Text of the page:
And we've seen over time that the spirit, and performance, of Team Enstone is one remarkably resistant to staff and other changes. Most important of all, on current evidence Lotus has gone a way to ensuring that last season was a blip and not the start of a downward spiral.

Romain Grosjean - Car #8
Photo: Octane Photography
Of course, we had a to wait a while for this Romain Grosjean to be with us. His first F1 appearance in 2009 didn't go well (though was hardly in ideal circumstances), but he then did what is these days considered unthinkable and regrouped in the junior formulae and came back apparently stronger in 2012. But even then there was stuttering, as his undoubted pace was interspersed with repeated and often high-profile error (Mark Webber for one memorably referring to him as a 'first lap nutcase').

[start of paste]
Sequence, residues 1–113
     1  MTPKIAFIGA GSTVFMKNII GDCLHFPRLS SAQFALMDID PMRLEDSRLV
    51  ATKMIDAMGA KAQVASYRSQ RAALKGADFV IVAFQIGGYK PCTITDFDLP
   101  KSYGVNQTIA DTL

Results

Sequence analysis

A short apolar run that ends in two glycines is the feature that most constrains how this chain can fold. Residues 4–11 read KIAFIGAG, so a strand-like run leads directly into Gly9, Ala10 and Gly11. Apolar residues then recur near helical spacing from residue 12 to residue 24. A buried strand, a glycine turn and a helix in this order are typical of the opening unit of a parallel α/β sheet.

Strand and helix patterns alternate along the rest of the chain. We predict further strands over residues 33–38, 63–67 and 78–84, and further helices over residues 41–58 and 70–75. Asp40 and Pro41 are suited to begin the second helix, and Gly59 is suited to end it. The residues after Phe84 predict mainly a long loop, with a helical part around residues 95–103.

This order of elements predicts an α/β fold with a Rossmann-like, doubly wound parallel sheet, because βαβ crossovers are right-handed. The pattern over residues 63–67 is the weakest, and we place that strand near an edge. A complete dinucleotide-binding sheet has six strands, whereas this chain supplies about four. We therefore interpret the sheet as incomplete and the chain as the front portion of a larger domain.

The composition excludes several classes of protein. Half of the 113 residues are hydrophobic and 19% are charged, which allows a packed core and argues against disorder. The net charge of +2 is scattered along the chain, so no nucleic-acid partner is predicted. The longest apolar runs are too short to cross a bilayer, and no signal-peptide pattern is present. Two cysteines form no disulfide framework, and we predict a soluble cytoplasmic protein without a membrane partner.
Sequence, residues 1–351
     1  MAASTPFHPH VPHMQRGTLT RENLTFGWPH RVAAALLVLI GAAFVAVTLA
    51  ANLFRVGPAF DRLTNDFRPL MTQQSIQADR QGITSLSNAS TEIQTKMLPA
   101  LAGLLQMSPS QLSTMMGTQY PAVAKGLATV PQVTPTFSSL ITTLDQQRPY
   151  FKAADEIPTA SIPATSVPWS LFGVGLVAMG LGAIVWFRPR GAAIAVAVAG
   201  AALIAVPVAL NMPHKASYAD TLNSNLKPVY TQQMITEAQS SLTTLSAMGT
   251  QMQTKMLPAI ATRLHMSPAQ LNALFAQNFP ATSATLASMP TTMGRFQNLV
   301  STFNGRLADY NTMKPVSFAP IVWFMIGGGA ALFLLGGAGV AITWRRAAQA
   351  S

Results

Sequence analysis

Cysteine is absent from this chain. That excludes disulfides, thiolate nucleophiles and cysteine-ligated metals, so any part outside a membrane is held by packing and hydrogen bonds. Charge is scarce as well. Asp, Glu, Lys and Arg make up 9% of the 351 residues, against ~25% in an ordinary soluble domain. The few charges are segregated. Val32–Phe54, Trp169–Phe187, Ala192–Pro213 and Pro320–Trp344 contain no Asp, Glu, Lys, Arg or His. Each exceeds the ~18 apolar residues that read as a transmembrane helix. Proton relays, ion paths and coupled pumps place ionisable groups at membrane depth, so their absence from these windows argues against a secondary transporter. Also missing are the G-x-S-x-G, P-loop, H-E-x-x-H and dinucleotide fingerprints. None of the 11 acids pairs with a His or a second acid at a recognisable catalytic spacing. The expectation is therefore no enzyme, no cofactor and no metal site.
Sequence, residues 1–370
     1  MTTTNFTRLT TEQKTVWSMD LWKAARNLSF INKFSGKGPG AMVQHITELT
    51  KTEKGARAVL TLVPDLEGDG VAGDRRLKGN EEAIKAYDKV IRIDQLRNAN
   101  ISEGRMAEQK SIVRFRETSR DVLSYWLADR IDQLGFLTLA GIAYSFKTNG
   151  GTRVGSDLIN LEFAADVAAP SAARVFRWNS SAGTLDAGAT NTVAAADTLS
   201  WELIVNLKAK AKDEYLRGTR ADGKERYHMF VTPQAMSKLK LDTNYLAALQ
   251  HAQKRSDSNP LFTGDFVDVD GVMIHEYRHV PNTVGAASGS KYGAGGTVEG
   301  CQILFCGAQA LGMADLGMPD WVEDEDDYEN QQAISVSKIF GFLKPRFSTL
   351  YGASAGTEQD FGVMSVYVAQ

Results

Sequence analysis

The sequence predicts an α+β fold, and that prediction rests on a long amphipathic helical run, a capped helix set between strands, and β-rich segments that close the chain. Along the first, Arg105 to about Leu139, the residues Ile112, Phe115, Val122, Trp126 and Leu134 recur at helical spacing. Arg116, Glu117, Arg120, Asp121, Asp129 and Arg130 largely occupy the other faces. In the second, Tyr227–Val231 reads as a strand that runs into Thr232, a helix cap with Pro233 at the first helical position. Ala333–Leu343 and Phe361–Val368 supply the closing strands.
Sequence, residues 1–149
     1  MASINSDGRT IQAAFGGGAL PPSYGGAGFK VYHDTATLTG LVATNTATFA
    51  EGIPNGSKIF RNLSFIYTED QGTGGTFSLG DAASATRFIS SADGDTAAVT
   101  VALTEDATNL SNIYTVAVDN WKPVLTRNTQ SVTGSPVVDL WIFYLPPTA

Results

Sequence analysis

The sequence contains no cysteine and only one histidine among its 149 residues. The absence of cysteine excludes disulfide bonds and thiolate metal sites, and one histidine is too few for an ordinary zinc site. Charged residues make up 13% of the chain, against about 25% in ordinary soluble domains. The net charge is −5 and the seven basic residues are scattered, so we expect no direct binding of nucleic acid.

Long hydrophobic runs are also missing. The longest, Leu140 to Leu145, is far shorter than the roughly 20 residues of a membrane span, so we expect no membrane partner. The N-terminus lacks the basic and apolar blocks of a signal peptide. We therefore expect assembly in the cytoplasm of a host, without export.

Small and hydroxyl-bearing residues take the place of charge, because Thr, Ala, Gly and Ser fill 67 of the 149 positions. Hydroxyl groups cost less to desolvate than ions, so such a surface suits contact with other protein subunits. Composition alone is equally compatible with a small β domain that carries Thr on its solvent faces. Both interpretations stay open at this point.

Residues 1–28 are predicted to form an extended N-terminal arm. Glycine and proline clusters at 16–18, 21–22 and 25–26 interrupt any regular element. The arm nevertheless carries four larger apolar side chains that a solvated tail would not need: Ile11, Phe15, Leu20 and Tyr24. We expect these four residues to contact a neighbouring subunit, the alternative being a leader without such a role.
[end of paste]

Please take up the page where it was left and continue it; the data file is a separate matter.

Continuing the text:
But just at the point that things looked irretrievable in the mid-part in of 2013 he suddenly cleaned up his act, and did so without losing any of his prodigious speed. In the latter races of the campaign he was brilliant indeed, almost alone taking the fight to superior Red Bulls repeatedly and being genuinely unlucky not to win a race or two. Stunningly fast in qualifying and the race, consistent, unflustered and sharp in the overtake. Before we knew it some started to talk of him knocking on the sport's top drawer. One Pirelli engineer having seen Grosjean's data went so far as to say 'he's the fastest guy out there'.

Then however with an application of wicked fate Grosjean immediately faced a season with the recalcitrant E22, which not even he could do much with.

He was available for other teams for this year, but no one other than his current employer took up the opportunity. Of course, vacant seats in the top teams are finite, but you wonder if it reflected the odd way of F1, that when a good driver ends up in a bad car rather than getting sympathy their stock suffers by association.